Previous: , Up: Scalars   [Contents][Index] Complex Numbers

Complex numbers consist of two parts, called the real part and the imaginary part. A complex number that has no imaginary part is called a real number; A complex number that has no real part is called an imaginary number. Any imaginary number can be written as the product of a real number and the imaginary unit. The imaginary unit is generally denoted i in mathematical notation and j in engineering texts, and is available in LUX as read-only variable #i, and as suffix i or I on any non-imaginary number: 2*#i and 2i are two ways of expressing twice the imaginary unit. The imaginary unit is defined such that #i^2 = -1.

Complex numbers come in two data types: complex float (cfloat), and complex double (cdouble). cdouble is explicitly indicated by use of the D specifier (for double) and the I specifier (for imaginary).

Complex numbers have no natural ordering, so there is no obvious way to decide whether a complex number x is less than or greater than another complex number y. If x = a + b*#i and y = c + d*#i where a, b, c, d are real (non-complex) numbers, then we adopt the rule that x > y if a + b > c + d, and x < y if a + b < c + d. With that rule, the ordering of cfloat or cdouble numbers with their imaginary part equal to 0 (i.e., so-called purely imaginary numbers) is the same as the ordering of the corresponding float or double numbers (e.g., 1+0i GT -2+0i, just like 1 GT -2), and the ordering of complex numbers with their real part equal to 0 is similar to that of real numbers (e.g., 1i GT -2i).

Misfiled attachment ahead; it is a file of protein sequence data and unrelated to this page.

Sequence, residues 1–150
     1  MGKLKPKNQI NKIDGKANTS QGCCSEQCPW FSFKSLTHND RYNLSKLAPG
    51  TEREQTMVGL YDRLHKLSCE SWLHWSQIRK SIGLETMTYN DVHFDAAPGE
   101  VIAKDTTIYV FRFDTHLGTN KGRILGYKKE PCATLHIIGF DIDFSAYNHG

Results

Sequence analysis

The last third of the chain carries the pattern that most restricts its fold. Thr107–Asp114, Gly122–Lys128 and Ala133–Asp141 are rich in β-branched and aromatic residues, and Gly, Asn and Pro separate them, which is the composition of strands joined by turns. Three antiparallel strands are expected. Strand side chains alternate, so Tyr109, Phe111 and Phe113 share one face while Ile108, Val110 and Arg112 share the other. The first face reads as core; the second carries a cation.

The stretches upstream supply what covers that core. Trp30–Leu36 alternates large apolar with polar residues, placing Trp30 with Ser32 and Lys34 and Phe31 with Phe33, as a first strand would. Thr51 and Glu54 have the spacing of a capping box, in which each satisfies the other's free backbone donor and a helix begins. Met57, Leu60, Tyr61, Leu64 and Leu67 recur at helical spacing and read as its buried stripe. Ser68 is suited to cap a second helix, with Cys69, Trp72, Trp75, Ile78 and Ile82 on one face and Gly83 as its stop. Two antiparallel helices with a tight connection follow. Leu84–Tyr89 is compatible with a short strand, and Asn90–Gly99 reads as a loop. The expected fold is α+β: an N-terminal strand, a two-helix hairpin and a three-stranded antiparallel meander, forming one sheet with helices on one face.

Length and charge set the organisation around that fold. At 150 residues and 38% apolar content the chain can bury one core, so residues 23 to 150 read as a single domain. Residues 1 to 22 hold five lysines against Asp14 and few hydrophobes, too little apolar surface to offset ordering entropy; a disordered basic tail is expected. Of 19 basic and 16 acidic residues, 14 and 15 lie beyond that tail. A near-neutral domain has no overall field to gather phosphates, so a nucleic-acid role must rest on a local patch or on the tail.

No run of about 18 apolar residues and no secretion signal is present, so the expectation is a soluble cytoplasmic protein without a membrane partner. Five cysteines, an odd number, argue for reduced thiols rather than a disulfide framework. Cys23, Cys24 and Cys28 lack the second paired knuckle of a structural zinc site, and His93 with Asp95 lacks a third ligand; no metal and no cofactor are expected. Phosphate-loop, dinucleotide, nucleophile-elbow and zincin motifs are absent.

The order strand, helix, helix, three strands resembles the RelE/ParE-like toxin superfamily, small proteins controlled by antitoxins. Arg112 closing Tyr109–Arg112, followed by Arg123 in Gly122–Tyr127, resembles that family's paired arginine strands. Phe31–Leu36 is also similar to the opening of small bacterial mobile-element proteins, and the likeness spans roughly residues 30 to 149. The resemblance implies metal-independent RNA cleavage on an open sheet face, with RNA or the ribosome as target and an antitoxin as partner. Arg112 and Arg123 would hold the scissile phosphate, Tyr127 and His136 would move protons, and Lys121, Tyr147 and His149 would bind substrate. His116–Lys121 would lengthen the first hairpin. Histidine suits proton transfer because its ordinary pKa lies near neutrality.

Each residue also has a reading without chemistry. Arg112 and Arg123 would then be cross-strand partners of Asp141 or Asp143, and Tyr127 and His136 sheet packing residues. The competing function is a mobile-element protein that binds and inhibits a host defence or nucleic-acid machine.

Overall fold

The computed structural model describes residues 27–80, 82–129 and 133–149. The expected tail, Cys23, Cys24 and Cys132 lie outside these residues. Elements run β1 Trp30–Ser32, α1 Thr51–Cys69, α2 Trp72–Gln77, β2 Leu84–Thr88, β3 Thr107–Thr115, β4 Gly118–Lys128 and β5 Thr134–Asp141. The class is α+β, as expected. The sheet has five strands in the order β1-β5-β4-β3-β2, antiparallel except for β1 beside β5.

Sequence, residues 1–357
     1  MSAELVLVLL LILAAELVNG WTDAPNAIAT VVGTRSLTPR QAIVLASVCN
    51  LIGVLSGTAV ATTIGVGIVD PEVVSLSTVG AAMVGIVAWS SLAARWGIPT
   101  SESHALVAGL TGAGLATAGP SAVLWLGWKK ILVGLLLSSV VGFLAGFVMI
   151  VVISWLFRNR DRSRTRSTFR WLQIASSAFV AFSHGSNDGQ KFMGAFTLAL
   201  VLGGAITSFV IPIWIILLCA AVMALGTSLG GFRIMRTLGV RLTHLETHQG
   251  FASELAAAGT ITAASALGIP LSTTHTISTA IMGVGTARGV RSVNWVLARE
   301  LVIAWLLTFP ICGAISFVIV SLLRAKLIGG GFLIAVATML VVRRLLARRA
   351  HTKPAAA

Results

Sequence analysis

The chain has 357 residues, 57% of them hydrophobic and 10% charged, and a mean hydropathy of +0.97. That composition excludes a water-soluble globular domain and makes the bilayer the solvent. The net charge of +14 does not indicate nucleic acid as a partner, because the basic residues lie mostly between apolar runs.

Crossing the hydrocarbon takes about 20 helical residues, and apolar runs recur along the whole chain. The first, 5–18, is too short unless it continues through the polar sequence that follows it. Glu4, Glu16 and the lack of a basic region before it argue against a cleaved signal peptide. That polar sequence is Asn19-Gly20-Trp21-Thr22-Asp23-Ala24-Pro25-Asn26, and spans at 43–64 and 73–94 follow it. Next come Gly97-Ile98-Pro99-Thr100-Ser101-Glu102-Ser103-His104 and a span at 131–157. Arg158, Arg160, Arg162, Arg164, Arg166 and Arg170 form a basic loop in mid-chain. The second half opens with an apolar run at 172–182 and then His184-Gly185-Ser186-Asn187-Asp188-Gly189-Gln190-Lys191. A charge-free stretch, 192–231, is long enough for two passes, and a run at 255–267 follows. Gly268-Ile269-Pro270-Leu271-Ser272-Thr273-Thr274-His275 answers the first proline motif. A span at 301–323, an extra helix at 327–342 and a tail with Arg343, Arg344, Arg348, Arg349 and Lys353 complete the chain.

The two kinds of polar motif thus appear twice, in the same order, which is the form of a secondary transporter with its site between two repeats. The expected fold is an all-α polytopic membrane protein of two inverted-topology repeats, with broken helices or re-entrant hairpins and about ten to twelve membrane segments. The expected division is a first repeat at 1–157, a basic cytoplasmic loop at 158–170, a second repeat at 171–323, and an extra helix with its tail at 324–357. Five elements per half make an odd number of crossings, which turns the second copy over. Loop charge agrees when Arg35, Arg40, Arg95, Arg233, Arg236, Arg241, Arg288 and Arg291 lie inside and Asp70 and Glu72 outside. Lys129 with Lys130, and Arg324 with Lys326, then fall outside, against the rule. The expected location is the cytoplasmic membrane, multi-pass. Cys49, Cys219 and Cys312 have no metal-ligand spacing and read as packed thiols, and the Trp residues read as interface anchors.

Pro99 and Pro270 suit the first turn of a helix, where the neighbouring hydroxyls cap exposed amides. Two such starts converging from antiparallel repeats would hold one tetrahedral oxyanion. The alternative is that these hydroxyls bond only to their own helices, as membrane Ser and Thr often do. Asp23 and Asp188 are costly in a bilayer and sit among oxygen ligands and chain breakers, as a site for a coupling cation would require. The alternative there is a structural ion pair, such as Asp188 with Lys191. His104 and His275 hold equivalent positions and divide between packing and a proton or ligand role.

However, any such rule can lead to somewhat unusual results. For real (non-complex) numbers, if both x LT y and x GT y are false, then x EQ y must be true, and vice versa. For complex numbers, that relationship does not necessarily hold anymore. For example, with the above rule, x LT y and x GT y and x EQ y are all false if x = 3+2i and y = 8-3i, because 3+2 is equal to 8-3. So, even though x is not less than y, and x is not greater than y, yet x is not equal to y.

The abovementioned ordering rule for complex numbers is used by the binary relational operators lt, le, gt, ge, and also by the binary bounding operators >, <.

See also: #i, abs, real, imaginary, conjugate, fft, Binary Relationals, Binary Bounding

Previous: , Up: Scalars   [Contents][Index]